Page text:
The Executive Director, Stakeholders Relations and Corporation Communications, Dangote Group, Mr. Mansur Ahmed, has said for Nigeria to achieve its long-desired infrastructural development, it must embrace the use of concrete for road construction and other construction works.
Speaking at the ongoing 21st Summit of the Nigeri Economic Summit Group (NESG) at the Transcorp Hilton Hotel in Abuja, Ahmed said this was a choice that Nigeria must make.
His comment is against the backdrop of the theme of the summit: "Tough Choices: Achieving Competitiveness, Inclusive Growth and Sustainability." Ahmed also moderated the discussion session comprising of the governors of Kaduna, Katsina, Gombe, Bauchi, Benue and Kogi where he urged them to collaborate and provide infrastructure for their people.
He said concrete roads make more economic sense for a country like Nigeria, as the use of Asphalt has left the roads in a deplorable condition.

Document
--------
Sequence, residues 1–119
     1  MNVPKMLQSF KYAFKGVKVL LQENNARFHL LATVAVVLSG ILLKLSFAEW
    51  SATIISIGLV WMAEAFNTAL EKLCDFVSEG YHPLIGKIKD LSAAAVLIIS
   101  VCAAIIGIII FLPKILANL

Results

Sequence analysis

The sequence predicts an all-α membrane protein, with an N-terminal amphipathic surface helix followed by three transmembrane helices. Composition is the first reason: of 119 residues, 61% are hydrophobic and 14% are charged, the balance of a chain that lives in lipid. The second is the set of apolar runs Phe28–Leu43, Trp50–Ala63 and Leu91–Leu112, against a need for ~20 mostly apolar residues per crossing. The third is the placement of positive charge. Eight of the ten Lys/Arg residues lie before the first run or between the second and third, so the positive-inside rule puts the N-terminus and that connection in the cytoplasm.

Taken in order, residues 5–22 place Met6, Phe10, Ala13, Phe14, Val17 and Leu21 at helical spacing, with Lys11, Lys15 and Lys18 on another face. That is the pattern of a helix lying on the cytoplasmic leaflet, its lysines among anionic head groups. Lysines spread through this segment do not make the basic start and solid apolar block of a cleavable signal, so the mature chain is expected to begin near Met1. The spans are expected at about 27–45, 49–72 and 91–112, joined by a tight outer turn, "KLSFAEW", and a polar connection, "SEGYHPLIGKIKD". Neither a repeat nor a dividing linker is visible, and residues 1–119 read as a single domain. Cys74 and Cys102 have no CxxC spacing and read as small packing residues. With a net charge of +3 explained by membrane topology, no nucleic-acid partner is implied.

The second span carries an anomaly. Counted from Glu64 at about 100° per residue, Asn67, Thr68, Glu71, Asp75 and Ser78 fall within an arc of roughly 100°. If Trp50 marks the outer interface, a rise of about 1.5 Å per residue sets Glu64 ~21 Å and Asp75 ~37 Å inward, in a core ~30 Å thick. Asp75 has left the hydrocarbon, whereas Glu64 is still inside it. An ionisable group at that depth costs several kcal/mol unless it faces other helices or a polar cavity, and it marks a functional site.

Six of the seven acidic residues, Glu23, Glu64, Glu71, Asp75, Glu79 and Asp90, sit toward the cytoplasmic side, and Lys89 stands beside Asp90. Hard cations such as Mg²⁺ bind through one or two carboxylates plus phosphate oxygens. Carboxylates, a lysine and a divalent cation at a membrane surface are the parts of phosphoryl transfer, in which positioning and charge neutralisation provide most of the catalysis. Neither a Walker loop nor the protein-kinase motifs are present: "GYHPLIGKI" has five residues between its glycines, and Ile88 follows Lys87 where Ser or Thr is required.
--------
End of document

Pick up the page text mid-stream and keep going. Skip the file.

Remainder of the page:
He said Asphalt is no longer in vogue in developed climes, stressing that the construction of concrete road is faster and can last for half a century compared to Asphalt, adding that concrete roads are 20 per cent cheaper to build.
According to him, in the construction of concrete roads, the cement raw materials are readily available while Asphalt is imported into the country.
It would be recalled that the Chairman of Dangote Cement, Aliko Dangote, recently in Lagos also pleaded with the federal government to urgently consider the use of concrete roads in the country.
Concrete roads, according to him, will be to the benefit of Nigerians. Aside from being very affordable, he said concrete roads were more durable and that its maintenance cost is near zero.
According to him, "We are pushing for Nigeria to do concrete roads. It is cheaper to do a concrete road that will last 50 years than to do a asphalt and bitumen roads. It will also help in eliminating corruption because if you go and build a bitumen road, it will have to be adequately maintained unlike a concrete road that is very durable."
Currently in 15 African countries, the company's current capacity stands at 48mmtpa, out of which Nigeria alone has the largest chunk of 29.3mmtpa.